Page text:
Saturday, August 17, 2013

Musings at and on the India-Pakistan Partition Table

This table, where I am sitting in the photograph below, is not a usual one. It is kept at the museum of Rashtrapati Niwas of Simla, then Viceregal’s Lodge, which now houses the Indian Institute of Advanced Studies. This is the historic and tragic table on which the papers related to the partition of India into two separate countries--India and Pakistan-- in 1947 were signed following the famous ‘Simla Conference’. I visited the place in December 2008, and looking at it, I did have conflicting emotions. In fact, I did wonder--so this was the table which decided the great game of ‘Chairs’.

I am reminded of the famous poem-- The Table and the Chair-of Edward Lear (1812-1888) in which the Table persuades the Chair to take a walk together. The first two paras go thus:

Said the Table to the Chair,
'You can hardly be aware,
'How I suffer from the heat,
'And from chilblains on my feet!
'If we took a little walk,
'We might have a little talk!
'Pray let us take the air!'
Said the Table to the Chair.

Said the Chair unto the Table,
'Now you know we are not able!
'How foolishly you talk,
'When you know we cannot walk!'
Said the Table, with a sigh,
'It can do no harm to try,
'I've as many legs as you,
'Why can't we walk on two?'

Unfortunately, Lear’s poem is about a couple in love, who want to break free, whereas the Partition Table at Simla can be likened to two such persons who want to break up to become free. Hence the comparison should end here. Considering the rather elaborate, tedious, painful nature of Simla Conference, one wonders if this table served the purpose of ‘coming to the table’ well despite the fact there were many instances when the competing sides did try their best to ‘turn the tables’ onto their opponents. 

In fact, table as the metaphor for dialogue and conversations has been part and parcel of human etymology. We can remember the poems like ‘Table Talk’ and ‘The Planet on the Table’ by the legendary American poet Wallace Stevens (1879-19555) in this context. In ‘The Planet on the Table’, written quite late in his life in 1954, the poet meditates upon the poetic imagination that can juxtapose and bring the entire world, as it were, on the table:  

The Planet on the Table

Ariel was glad he had written his poems.
They were of a remembered time
Or of something seen that he liked. 

Other makings of the sun
Were waste and welter
And the ripe shrub writhed. 

His self and the sun were one
And his poems, although makings of his self,
Were no less makings of the sun. 

It was not important that they survive.
What mattered was that they should bear
Some lineament or character, 

Some affluence, if only half-perceived,
In the poverty of their words,
Of the planet of which they were part. 
However, in the context of this Partition Table at Simla, it is more like that catastrophic act where not the planet really, but the entire Sub-continent, along with people, traditions, shared past, rivers, plants, mountains, roses were placed on the table for dissection. Birthday cakes are cut on tables, but it is on the operation table that a child is given birth and it is there where the umbilical cords are cut. And no other lines, but the opening ones from T S Eliot’s seminal poem The Love Song of J Alfred Prufrcok can aptly describe this operation at this table of Simla in the overall atmosphere of distrust, guilt and self-induced unconsciousness::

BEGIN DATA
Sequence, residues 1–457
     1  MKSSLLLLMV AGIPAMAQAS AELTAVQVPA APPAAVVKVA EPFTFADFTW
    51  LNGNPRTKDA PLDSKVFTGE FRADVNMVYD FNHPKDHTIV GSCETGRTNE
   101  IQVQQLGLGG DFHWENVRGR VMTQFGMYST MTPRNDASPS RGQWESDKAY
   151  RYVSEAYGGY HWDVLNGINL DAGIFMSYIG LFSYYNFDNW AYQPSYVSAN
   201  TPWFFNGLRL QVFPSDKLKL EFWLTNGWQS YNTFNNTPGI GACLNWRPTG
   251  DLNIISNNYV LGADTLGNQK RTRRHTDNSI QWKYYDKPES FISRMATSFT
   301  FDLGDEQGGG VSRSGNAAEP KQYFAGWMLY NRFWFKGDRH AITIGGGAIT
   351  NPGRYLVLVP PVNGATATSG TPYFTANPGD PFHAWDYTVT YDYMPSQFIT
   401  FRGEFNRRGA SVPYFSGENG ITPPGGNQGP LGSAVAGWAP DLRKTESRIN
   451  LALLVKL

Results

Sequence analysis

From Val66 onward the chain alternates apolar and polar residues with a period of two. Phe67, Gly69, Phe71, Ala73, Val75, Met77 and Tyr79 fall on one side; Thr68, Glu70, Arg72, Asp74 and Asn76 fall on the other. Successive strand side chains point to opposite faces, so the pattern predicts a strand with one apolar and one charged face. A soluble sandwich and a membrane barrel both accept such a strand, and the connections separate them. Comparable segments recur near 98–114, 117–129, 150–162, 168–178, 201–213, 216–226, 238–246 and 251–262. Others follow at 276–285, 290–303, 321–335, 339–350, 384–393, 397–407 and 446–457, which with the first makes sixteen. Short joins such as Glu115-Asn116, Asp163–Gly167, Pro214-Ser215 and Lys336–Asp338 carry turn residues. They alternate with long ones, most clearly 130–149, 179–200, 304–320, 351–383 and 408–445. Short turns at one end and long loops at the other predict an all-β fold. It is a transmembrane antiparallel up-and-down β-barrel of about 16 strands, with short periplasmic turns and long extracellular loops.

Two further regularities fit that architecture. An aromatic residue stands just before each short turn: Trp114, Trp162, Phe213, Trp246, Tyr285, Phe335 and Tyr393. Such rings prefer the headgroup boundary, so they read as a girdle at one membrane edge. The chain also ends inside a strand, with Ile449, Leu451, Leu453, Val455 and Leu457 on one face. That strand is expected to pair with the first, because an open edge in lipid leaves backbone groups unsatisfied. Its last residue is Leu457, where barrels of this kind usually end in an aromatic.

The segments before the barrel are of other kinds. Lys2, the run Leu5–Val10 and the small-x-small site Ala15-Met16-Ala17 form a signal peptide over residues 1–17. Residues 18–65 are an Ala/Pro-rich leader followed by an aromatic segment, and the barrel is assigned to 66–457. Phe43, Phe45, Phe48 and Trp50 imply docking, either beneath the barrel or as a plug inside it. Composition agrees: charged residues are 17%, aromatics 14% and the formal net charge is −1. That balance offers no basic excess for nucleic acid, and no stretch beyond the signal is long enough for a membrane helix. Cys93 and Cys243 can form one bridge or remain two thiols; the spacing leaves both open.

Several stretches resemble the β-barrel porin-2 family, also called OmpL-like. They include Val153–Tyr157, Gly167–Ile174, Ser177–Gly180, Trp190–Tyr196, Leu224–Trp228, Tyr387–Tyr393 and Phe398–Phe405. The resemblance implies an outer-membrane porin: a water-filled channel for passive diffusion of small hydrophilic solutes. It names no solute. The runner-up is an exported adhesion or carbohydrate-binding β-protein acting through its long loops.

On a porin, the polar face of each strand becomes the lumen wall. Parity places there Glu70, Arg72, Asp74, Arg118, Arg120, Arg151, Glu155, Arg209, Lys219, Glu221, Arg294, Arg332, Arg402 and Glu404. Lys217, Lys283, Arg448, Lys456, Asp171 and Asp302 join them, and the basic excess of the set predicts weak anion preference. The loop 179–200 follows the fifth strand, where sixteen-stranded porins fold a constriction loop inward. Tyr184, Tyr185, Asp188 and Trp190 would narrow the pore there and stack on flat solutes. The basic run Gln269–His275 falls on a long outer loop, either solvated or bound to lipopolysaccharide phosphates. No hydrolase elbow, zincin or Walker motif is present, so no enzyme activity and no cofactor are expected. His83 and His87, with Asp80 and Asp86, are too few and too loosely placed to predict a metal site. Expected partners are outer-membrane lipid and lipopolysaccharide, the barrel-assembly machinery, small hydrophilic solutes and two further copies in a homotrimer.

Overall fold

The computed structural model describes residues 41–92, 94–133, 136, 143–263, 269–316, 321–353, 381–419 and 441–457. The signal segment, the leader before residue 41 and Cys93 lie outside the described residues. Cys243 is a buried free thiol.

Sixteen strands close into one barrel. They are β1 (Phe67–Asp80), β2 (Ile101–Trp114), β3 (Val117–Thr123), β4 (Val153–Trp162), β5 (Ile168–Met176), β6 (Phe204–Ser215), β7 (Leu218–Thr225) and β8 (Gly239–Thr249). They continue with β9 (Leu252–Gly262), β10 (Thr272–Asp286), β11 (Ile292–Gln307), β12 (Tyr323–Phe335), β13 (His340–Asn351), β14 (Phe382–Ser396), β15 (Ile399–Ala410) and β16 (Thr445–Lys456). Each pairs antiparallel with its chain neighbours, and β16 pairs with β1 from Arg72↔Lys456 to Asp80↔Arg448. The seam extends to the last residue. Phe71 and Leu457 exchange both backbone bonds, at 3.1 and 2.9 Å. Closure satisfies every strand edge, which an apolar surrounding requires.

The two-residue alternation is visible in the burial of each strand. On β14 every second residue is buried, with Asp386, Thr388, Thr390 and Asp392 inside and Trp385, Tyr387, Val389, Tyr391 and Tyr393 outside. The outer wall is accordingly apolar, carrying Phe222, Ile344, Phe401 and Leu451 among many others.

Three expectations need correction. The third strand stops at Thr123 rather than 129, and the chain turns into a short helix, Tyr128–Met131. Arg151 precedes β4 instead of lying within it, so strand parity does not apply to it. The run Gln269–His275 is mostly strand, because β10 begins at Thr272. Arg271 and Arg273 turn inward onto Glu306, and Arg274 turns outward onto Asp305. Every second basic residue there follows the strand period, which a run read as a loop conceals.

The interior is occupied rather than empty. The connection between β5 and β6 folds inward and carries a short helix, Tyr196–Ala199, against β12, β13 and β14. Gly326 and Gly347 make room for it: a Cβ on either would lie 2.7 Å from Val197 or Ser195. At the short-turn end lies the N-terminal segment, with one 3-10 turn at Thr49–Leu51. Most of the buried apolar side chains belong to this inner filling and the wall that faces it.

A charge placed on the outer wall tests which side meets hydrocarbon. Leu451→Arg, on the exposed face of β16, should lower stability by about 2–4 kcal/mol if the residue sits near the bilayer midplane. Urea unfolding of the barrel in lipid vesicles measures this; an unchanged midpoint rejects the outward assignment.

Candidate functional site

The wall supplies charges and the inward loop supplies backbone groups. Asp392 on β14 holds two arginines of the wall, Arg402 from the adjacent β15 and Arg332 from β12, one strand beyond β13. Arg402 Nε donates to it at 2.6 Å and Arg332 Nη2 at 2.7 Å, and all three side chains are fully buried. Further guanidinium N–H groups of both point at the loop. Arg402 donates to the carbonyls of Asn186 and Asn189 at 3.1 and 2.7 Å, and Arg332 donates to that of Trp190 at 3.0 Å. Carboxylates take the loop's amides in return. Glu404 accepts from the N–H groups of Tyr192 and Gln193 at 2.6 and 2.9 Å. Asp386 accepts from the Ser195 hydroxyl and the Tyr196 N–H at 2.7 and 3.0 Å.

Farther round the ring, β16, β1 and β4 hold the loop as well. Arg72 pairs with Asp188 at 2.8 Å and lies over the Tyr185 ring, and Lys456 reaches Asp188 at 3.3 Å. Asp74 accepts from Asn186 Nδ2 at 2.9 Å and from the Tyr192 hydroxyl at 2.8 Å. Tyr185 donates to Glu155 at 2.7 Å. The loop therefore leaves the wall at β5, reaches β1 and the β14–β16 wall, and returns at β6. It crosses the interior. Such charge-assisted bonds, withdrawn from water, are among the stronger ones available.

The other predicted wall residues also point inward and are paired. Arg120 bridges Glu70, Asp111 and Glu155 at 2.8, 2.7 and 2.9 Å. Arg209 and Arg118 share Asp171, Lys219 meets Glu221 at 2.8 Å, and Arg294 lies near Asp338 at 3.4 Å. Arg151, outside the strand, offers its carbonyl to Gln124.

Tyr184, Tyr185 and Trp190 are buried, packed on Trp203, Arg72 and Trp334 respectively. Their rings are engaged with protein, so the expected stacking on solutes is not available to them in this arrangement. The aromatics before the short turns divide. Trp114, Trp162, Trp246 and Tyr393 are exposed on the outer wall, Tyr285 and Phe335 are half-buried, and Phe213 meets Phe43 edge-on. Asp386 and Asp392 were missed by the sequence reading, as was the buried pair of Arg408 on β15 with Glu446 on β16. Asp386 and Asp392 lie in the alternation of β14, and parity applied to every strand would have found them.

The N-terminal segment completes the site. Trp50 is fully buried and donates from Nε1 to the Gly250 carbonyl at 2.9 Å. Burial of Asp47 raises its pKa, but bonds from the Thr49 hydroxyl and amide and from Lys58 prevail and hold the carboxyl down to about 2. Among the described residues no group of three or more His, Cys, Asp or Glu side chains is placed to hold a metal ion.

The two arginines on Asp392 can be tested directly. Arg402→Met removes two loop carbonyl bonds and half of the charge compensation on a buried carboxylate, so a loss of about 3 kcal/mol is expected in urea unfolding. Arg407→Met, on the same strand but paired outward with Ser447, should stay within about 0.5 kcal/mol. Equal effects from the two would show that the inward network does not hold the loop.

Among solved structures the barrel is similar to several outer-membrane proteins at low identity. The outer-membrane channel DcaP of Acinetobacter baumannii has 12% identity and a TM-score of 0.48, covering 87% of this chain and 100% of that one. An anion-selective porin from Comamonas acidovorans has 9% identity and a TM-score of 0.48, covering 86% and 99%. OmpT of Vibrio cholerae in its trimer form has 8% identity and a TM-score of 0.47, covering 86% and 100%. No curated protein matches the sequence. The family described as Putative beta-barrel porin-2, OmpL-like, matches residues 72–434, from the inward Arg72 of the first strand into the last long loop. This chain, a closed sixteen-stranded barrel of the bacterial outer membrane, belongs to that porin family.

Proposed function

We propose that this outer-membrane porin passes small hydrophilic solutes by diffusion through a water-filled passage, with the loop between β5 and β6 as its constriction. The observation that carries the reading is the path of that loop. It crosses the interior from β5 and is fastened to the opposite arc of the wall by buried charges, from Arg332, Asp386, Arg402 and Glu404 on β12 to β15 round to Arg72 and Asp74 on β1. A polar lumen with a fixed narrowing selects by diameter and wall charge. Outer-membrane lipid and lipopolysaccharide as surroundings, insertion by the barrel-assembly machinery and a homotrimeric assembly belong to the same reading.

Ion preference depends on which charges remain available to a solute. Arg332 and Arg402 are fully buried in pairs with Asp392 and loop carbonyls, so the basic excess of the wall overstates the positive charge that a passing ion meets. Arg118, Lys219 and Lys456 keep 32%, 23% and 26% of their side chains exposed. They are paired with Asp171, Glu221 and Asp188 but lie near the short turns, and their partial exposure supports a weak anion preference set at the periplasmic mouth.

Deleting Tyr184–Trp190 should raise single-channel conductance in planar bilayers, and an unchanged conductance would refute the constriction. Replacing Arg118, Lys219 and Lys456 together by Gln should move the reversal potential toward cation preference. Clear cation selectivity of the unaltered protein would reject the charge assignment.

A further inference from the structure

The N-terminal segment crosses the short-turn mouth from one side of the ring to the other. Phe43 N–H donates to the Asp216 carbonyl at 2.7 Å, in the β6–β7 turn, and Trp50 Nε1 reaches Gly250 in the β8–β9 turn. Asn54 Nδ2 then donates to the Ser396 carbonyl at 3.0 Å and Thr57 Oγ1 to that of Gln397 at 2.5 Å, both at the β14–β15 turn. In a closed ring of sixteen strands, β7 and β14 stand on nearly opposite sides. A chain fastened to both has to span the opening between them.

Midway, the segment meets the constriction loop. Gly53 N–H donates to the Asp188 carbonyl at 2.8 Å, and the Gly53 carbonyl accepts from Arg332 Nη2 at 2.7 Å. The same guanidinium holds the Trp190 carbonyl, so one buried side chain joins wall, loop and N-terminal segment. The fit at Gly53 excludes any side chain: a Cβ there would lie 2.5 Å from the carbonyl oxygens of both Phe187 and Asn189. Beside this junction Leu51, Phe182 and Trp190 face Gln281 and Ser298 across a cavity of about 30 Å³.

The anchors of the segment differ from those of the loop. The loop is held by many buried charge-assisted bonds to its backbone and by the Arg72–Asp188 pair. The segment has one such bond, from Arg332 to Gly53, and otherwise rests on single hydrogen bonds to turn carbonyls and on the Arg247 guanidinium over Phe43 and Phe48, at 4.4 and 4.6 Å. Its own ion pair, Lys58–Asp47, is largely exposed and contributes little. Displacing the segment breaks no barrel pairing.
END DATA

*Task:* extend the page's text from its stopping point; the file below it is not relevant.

Let us go then, you and I
            When the evening is spread out against the sky
Like a patient etherized upon a table
May be to see and meet that invisible patient, we need not visit Simla, because its uncured wounds would keep troubling us at our tables of learning and remembrances. 
In fact, we never realise how burdensome we make our tables, perhaps in order to make our chairs cosy and comfortable. No wonder, other than the meaning attached to furniture, table also implies information and database, and one of the first things we learn as a child is the periodic table, which has had its own music and rhyme chasing us and helping us out throughout our lives in difficult countable moments. I would, then, end with a fine poem titled Table, by a Turkish poet Edip Cansever (1928-1986), which tells a lot about how our lives are spent on bringing things on the table of expectations and disillusionment:
Edip Cansever, photo courtesy:
A man filled with the gladness of living
Put his keys on the table,
Put flowers in a copper bowl there.
He put his eggs and milk on the table.
He put there the light that came in through the window,
Sounds of a bicycle, sound of a spinning wheel.
The softness of bread and weather he put there.
On the table the man put
Things that happened in his mind.
What he wanted to do in life,
He put that there.
Those he loved, those he didn't love,
The man put them on the table too.
Three times three make nine:
The man put nine on the table.
He was next to the window next to the sky;
He reached out and placed on the table endlessness.
So many days he had wanted to drink a beer!
He put on the table the pouring of that beer.
He placed there his sleep and his wakefulness;
His hunger and his fullness he placed there.
Now that's what I call a table!
It didn't complain at all about the load.
It wobbled once or twice, then stood firm.
The man kept piling things on.
(Table by Edip Cansever is courtesy:, University of Michigan)